Indie Spotlight – Annie Whitehead

Today I would like to welcome author of historical fiction, Annie Whitehead to my blog.

Annie Whitehead studied History under the eminent Medievalist Ann Williams. She is an elected member of the Royal Historical Society and an editor for EHFA (English Historical Fiction Authors.) She has written three award-winning novels set in Anglo-Saxon England, one of which, To Be A Queen, was long-listed for the Historical Novel Society (HNS) Indie Book of the year and was an IAN (Independent Author Network) finalist. All of her novels have won IndieBRAG Medallions. She has contributed to fiction and nonfiction anthologies and written for various magazines, including winning the New Writer Magazine Prose Competition. She was the winner of the inaugural Historical Writers’ Association/Dorothy Dunnett Prize 2017. She has now been a judge for that same competition for 2019 and 2020, as well as for the HNS Short Story Competition. Her nonfiction books are Mercia: The Rise and Fall of a Kingdom (published by Amberley Books) and Women of Power in Anglo-Saxon England (published by Pen & Sword Books).

Contact Annie Whitehead here: 



Twitter: @AnnieWHistory

Hi Annie, thank you for joining me today. What made you decide to publish your books independently?

When I finished my first novel, To Be A Queen, I found myself in the wonderful position of having two literary agents offering me contracts for it. I signed with one of them and it was not the right choice. When it dawned on me that my agent was not fulfilling the promises made, I decided to publish independently. It was quite a daunting prospect but having had confirmation from two agents that my book had merit gave me the confidence to put it out into the big wide world.

It must indeed be a daunting prospect, but if you have the required confidence it would seem to be a beneficial decision for most people I’ve talked to so far. What do you consider to be the benefits of being an indie author?

Well, I’m what might be termed a hybrid author, as my nonfiction books are traditionally published, so I see it from both sides. The advantage of being indie is total control – over release day, cover design, title etc. You have complete and final say over every aspect of the book. Once you have paid for your design, editing etc, you get to keep a greater share of the royalties.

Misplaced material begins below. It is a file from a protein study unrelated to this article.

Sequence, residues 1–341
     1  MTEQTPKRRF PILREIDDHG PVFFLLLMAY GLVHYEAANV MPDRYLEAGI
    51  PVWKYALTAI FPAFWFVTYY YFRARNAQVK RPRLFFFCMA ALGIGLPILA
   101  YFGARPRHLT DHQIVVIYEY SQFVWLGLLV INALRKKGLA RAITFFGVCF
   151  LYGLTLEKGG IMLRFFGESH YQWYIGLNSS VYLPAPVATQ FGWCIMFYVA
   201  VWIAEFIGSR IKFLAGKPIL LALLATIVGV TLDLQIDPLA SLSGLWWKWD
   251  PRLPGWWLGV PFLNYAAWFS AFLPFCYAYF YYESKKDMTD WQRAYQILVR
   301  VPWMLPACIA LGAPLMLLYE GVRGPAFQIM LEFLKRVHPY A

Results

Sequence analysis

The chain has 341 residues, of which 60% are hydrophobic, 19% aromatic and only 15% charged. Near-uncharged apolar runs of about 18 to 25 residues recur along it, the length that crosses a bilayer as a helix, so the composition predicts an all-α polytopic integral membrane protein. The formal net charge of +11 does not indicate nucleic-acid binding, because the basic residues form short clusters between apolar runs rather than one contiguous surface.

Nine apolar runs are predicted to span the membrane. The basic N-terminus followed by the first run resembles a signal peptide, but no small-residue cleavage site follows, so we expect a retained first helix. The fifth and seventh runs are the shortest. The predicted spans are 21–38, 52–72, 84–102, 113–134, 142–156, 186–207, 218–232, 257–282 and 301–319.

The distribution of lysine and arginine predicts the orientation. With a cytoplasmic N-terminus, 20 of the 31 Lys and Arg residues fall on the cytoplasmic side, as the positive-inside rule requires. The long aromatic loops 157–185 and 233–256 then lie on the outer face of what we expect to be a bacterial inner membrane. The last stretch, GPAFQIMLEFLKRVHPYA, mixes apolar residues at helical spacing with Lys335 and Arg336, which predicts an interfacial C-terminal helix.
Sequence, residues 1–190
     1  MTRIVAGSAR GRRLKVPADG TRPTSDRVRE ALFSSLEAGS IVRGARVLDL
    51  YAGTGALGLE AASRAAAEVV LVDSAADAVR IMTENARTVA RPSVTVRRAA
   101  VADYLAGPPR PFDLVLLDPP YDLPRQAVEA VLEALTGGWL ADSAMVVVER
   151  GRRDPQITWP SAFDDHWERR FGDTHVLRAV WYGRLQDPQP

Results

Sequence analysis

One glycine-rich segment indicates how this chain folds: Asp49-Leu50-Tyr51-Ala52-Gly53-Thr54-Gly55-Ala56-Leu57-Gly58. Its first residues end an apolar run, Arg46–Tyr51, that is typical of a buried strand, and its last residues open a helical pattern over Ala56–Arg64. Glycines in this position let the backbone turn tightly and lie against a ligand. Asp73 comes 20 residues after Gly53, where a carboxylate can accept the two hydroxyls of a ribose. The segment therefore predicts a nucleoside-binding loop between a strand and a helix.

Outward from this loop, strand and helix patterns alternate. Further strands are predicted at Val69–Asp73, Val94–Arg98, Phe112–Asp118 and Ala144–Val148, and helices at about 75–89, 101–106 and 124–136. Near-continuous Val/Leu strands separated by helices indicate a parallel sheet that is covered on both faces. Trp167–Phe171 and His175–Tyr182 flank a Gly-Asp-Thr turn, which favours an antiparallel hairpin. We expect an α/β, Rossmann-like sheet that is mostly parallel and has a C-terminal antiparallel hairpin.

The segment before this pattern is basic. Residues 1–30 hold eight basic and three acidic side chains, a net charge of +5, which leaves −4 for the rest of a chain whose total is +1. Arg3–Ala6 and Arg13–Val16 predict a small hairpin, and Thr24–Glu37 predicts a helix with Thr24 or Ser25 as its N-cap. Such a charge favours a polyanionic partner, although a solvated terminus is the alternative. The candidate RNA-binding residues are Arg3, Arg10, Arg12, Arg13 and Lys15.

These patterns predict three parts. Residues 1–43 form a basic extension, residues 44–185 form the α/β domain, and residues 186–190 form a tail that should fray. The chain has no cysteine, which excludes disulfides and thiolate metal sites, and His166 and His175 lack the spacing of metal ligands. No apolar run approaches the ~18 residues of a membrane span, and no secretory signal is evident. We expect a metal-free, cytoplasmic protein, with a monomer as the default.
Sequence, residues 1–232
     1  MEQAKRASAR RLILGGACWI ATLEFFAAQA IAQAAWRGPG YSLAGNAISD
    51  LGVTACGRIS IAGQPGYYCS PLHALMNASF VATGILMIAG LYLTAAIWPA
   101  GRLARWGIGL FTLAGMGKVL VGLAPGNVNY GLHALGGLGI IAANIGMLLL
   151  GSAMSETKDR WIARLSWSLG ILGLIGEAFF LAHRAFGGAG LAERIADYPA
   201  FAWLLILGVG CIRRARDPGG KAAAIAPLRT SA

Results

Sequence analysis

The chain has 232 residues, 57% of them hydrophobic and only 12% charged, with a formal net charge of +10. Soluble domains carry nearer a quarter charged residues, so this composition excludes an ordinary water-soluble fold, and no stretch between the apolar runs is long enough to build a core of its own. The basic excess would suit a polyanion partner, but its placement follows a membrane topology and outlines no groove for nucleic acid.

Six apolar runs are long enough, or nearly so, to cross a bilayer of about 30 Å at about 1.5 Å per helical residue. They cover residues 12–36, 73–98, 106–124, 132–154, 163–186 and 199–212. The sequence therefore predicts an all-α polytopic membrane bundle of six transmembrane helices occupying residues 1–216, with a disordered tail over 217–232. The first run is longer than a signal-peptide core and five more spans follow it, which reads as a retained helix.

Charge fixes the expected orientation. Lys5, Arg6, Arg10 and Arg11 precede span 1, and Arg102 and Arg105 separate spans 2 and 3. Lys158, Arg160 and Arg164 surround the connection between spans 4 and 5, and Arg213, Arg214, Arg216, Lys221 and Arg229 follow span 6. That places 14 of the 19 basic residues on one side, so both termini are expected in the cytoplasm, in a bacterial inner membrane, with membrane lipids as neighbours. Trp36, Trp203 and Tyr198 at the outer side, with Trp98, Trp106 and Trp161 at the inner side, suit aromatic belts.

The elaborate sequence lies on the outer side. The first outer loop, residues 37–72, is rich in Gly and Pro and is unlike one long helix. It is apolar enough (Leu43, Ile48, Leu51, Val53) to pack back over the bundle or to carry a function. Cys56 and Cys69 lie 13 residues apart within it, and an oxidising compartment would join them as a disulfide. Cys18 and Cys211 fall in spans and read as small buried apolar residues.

So now onto the other side of the coin. What particular challenges do indie authors face?

Total control! There’s no one to take the load. With my nonfiction, the covers are designed in-house and all I have to do is approve them, rather than working directly with the designer. Everything is set up so there’s no having to deal with online platforms, and there is no outlay. Indie authors will have to pay their editors, cover designers, proofreaders etc, whereas traditionally-published authors have all that provided by the publisher.

What advice would you give to any aspiring indie authors who might be reading?

Aside from ensuring that your book is the best it can be, I’d say find a support network. Connect with other authors, support them, and you’ll find that they’ll support you. Chances are that whatever problems you have, from structuring your book to wrestling with uploading it, someone else will have been there, done that, and will be more than happy to help. Don’t struggle alone.

Everyone needs a support network. What have you learned from being an indie author?